Cloning plan poses new ethical dilemma
Healthy women could be asked to donate their eggs for cloning research in a controversial bid to speed up the development of new treatments for disease. Professor Ian Wilmut, creator of Dolly the sheep, is to seek permission from the Human Fertilisation and Embryology Authority to ask women to donate eggs for cloning experiments designed to shed light on the debilitating condition motor neurone disease. Until now, cloning experts in Britain have justified their work by using only spare eggs left over from couples undergoing treatment at fertility clinics. The eggs are typically rejects of the IVF process and are routinely discarded if not used in experiments.
Scientists seek fresh chance to dig up Stonehenge's secrets
Stonehenge has always mystified. Julius Caesar thought it was the work of druids, medieval scholars believed it was the handiwork of Merlin, while local folk tales simply blamed the devil. Now scientists are demanding a full-scale research programme be launched to update our knowledge of the monument and discover precisely who built it and its burial barrow graves. This is the key recommendation of Stonehenge: an Archaeological Research Framework, edited by Timothy Darvill of Bournemouth University, soon to be published by English Heritage. It highlights serious flaws in our knowledge of the monument, which is now a World Heritage Site.
Could a Mars a day really help keep killer illness at bay...?
The confectionery maker Mars yesterday unveiled new research showing that cocoa, the central ingredient in most of its products, has properties that can be used to treat diabetes, strokes and vascular disease. The privately owned company, which makes M&Ms and Mars bars, said it hoped to make medications based on flavanols - plant chemicals with health benefits found in cocoa. Worried in the late 1960s that the cocoa plant was prone to disease, Mars began working to understand how the plants could be insulated against disease. In the course of the research they discovered flavanols, a plant chemical that occurs not only in cocoa beans but green tea, red wine and tomatoes, were good for human health.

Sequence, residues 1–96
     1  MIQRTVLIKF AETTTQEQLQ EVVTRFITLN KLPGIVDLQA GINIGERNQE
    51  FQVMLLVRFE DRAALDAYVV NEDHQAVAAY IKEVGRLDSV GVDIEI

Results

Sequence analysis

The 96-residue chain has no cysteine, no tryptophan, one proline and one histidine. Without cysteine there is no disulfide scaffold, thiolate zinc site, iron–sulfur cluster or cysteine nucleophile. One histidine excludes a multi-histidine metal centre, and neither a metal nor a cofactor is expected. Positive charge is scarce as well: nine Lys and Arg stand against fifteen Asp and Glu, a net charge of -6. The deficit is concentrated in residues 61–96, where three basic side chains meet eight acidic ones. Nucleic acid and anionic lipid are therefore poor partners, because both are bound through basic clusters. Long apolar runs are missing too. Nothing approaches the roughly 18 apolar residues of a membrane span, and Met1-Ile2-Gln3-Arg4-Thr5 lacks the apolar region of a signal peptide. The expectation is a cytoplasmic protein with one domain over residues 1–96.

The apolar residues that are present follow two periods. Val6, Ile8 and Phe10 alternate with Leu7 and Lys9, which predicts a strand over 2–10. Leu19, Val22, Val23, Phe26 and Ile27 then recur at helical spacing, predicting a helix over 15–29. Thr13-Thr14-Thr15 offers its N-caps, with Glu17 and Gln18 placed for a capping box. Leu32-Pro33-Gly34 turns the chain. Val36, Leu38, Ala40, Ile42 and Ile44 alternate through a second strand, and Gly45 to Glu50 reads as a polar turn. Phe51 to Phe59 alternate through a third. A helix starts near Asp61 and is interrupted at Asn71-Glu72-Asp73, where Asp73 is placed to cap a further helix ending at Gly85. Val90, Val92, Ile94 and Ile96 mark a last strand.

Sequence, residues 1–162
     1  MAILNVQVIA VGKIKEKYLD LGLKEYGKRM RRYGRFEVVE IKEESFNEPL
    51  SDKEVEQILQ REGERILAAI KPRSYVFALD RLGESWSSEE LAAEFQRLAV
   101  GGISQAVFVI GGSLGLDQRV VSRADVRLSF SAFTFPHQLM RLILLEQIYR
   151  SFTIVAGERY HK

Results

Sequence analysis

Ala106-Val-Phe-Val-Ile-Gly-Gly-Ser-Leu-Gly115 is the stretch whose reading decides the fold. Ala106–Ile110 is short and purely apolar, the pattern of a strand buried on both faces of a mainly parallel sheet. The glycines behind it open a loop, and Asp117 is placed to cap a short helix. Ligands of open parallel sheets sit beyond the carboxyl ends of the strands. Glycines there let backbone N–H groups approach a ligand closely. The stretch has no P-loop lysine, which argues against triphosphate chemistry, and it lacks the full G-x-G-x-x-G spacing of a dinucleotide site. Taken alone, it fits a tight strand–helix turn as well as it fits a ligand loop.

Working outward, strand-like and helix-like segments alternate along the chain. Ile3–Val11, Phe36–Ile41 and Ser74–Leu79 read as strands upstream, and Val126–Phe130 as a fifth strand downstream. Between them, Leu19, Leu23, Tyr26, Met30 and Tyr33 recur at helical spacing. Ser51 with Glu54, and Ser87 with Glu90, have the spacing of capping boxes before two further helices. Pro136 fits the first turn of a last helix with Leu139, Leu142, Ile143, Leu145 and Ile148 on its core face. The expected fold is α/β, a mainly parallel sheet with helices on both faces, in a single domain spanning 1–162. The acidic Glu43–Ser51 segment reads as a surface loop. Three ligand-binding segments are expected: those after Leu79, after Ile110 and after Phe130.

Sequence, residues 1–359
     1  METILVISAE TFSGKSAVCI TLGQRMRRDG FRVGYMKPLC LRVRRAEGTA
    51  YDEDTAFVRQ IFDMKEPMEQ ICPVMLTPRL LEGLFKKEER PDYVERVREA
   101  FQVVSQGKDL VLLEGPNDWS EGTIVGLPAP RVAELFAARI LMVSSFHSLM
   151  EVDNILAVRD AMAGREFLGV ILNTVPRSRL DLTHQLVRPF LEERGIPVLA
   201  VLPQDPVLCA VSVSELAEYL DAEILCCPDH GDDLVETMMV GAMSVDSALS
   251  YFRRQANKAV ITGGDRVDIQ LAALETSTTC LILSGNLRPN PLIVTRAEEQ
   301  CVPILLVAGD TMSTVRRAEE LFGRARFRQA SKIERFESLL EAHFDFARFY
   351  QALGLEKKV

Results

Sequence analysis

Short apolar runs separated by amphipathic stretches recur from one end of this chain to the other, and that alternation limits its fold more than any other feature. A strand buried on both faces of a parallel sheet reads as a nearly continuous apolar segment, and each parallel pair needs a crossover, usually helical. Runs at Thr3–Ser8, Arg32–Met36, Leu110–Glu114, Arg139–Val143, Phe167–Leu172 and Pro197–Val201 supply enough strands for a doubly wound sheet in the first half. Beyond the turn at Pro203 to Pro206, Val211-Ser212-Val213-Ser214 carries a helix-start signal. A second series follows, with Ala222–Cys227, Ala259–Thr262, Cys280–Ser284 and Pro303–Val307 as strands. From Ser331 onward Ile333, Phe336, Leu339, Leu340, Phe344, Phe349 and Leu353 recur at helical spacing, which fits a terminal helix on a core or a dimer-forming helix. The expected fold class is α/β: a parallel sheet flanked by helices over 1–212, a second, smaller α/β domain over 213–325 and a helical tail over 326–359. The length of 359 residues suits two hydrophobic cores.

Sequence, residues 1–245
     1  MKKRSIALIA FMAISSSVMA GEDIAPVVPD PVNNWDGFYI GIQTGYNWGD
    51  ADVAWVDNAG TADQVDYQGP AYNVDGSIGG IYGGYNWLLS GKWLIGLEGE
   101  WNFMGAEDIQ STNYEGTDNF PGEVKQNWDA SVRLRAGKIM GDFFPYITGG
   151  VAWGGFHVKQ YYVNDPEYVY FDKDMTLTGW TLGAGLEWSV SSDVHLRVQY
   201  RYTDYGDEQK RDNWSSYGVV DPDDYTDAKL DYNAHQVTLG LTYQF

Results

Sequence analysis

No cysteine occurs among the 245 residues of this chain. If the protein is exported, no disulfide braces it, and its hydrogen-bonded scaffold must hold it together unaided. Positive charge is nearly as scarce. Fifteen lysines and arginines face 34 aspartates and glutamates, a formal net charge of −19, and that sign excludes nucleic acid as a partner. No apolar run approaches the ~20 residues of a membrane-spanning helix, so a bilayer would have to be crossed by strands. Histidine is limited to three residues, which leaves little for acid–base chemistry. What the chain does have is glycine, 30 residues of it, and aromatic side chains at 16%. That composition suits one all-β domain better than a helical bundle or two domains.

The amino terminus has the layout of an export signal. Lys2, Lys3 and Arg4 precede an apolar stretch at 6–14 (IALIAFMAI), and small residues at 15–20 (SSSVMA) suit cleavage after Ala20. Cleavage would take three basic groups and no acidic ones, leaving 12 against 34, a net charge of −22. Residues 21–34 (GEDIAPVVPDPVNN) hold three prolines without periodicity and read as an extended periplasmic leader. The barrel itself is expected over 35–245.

Why the world doesn't go black when your eyelids flicker
Because a critical part of the brain switches off and fails to detect the blackness behind closed eyes, says a team of neuroscientists. We blink about ten times a minute without noticing any change in what we see. Researchers had suspected that this is because the visual system is inactivated during blinking, but were not able to prove this. A team at University College London have cracked the problem by inserting an optical fibre into the mouths of people wearing black-out goggles. The fibre illuminated the back of the subjects' retinas, so that they saw a light at all times, even when they blinked. This allowed the researchers, to distinguish between the effects of the act of blinking and the darkness that it causes.
Oil on troubled waters may stop hurricanes
Sailors who traditionally dumped barrels of oil into the sea to calm stormy waters may have been on to something, a new study suggests. The old practice reduces wind speeds in tropical hurricanes by damping ocean spray, according to a new mathematical “sandwich model”. As hurricane winds kick up ocean waves, large water droplets become suspended in the air. This cloud of spray can be treated mathematically as a third fluid sandwiched between the air and sea. “Our calculations show that drops in the spray decrease turbulence and reduce friction, allowing for far greater wind speeds – sometimes eight times as much,” explains researcher Alexandre Chorin at the University of California at Berkeley, US.
Research could lead to cures for heart attacks and brittle bones
Cures for heart attacks, liver disease, brittle bones and other conditions are about to enter clinical trials, according to research published today. A method of repairing the damage caused by heart attacks is to be tested on human patients after stem cells injected into pigs were found to restore their hearts' capacity to pump blood from 50 per cent of normal to 75 per cent. Professor Joshua Hare, of Johns Hopkins University, who led the study, said: "Ultimately, the goal is to develop a widely applicable treatment to repair and reverse the damage done to heart muscle that has been infarcted, or destroyed, after losing its blood supply. There is reason for optimism about these findings, possibly leading to a first-ever cure for heart attack in humans."
Men 'winning' caring profession sex war
Men working in traditionally female-dominated caring professions such as nursing and teaching are winning a new gender war with their female colleagues, according to a study. Research from Brunel University's business school found that men in caring careers believe they get more respect and more challenging roles than their women counterparts. Male primary teachers and nurses are carving out niche areas, opting for more typically "masculine" activities and emotionally demanding specialisms, the study found.